UCLA beach volleyball hasn’t lost more than eight matches in a season since the team’s inception in 2013.
This year, the Bruins hope for even better.
“This is the best group we’ve had since we started the program,” coach Stein Metzger said. “We have a deep and talented squad (and) we’re as competitive as we’ve ever been.”
This season’s roster welcomes six freshmen along with junior transfer Sarah Sponcil from Loyola Marymount. As a setter in 2017′s indoor season, Sponcil finished second in the Pac-12 with 11.23 assists per set.
Freshman Mac May totaled 282 kills as an opposite indoors for the Bruins and led the team in aces with 33. Freshman Megan Muret also joins the team as a 2017 AVCA High School Beach All-American.
“The freshmen that came in are competing right away,” Metzger said. “We’ll (also) lean on (senior) Elise Zappia and the addition of Sarah Sponcil. They’re all going to be really strong players for us.”
Zappia, who posted an overall record of 21-12 in the 2016 beach volleyball season with partner junior Izzy Carey, said the depth of this squad will be key.
“Top to bottom, all of the spots are really tight this year,” Zappia said. “Now, we’re going to have five different ways to win three out of five games.”
Metzger said the Bruins will not only rely on the leadership of Zappia, but also junior twins Megan and Nicole McNamara.
The sisters went 16-12 on court one in 2016 and were given First Team All-Pac-12 and AVCA Collegiate Beach Volleyball All-American honors for two years in a row.
“I’m definitely going to need to step into more of a leadership role than I have in the past couple years,” Nicole McNamara said. “I’m just going to lead by example and use my two years of experience to help the underclassmen.”
UCLA was second-seeded in the NCAA Tournament in 2017 but ended the season with a loss to No. 3 Pepperdine. Metzger said the Bruins’ downfall was their lack of preparation for windy conditions.
UCLA will face this challenge as it heads to Honolulu this weekend to take on No. 5 Hawai’i and No. 17 Stanford.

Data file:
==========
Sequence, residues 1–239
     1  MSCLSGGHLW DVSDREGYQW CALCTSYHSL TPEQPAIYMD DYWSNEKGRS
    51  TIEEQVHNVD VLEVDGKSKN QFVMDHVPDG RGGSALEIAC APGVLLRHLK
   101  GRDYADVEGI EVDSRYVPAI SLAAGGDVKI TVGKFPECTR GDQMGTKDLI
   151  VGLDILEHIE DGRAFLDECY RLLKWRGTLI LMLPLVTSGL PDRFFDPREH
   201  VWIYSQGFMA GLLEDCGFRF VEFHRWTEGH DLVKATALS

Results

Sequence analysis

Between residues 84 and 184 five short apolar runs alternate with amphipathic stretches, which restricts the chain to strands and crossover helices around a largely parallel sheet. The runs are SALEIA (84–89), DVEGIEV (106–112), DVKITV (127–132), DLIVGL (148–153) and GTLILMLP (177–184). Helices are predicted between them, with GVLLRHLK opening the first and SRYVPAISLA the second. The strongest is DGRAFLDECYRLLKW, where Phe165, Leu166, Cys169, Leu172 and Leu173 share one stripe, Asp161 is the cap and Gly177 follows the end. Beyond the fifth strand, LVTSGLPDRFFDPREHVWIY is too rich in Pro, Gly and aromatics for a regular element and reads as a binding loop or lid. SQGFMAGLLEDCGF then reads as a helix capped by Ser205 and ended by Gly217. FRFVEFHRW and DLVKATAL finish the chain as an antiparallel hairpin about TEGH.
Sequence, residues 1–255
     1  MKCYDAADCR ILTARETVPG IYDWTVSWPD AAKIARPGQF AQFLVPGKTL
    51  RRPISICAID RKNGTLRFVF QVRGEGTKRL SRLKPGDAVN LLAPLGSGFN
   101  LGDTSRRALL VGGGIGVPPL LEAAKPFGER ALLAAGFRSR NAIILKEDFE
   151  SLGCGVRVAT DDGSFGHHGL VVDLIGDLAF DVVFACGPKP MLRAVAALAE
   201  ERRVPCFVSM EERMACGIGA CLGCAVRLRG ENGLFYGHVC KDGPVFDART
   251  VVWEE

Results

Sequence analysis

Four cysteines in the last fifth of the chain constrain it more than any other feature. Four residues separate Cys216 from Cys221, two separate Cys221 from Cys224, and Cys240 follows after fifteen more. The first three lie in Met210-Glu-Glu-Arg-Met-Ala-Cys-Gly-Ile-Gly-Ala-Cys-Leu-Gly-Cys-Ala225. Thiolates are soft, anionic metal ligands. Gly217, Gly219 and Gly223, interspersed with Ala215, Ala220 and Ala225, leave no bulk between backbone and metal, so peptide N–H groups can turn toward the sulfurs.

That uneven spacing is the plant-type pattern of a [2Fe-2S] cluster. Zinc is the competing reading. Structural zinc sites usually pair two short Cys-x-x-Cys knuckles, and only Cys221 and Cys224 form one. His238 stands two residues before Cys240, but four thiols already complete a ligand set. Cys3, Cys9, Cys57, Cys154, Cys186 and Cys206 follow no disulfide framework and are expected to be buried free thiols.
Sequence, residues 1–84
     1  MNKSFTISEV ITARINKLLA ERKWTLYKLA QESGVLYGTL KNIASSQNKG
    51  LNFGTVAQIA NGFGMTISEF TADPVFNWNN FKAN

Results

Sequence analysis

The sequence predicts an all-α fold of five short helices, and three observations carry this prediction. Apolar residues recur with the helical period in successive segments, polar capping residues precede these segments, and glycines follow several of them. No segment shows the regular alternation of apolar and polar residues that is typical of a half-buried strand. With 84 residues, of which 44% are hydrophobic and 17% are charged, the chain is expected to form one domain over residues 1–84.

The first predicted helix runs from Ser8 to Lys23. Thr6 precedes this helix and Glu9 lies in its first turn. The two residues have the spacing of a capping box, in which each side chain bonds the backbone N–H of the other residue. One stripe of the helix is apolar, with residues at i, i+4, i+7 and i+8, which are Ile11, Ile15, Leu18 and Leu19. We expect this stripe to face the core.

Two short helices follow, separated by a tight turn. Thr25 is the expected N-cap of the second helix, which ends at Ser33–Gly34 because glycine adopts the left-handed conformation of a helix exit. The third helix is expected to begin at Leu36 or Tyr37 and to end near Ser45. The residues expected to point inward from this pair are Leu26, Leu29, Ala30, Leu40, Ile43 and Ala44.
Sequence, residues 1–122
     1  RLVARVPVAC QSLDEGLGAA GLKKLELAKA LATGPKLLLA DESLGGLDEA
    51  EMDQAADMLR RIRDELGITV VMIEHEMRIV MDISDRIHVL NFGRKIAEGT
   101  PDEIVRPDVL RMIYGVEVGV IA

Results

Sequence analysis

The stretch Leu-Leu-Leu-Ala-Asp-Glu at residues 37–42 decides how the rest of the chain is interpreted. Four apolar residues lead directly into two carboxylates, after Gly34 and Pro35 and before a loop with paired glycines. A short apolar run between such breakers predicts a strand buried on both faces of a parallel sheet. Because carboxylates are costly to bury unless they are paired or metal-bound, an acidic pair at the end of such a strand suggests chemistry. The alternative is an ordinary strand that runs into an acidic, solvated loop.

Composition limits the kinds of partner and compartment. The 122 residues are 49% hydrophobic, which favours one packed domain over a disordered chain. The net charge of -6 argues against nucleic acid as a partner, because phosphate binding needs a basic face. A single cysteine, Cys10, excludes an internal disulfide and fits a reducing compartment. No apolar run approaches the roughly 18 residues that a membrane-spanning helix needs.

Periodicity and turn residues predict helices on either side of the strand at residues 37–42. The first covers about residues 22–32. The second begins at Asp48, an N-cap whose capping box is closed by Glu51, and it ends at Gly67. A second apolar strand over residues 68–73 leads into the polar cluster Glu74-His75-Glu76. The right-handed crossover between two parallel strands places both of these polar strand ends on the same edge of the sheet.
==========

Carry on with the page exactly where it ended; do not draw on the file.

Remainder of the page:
“I think we’ll see 14 to 17 mph of wind during both days,” Metzger said. “It will give us an opportunity to train so that, if we do make it to the NCAA championship and it’s windy again, we’ll be ready for it.”
Hawai’i reached the quarterfinals of the NCAA Tournament last year but also fell to Pepperdine. The Rainbow Warriors haven’t faced the Bruins since the 2016 season.
Stanford failed to reach the tournament after finishing 13-10 last season. The Bruins haven’t played the Cardinal since 2015 and will now be tested by Kathryn Plummer – the AVCA National Player of the Year and espnW player of the year in the 2017 indoor season.
“I’m just excited to not be playing against my teammates anymore,” Zappia said. “It’s good to sharpen up and see what we need to be working on moving forward in the season.”
Metzger said some other assets for the Bruins are their ball control and smart decision making on the court.
“We’re great setters, we’re great servers, we’re great passers and we’re great at strategy and understanding the nuances of the game,” Metzger said. “We don’t have the tallest team out there, but I think we have the best control of the ball and hopefully that will translate to windy conditions as we travel to Hawai’i this weekend.”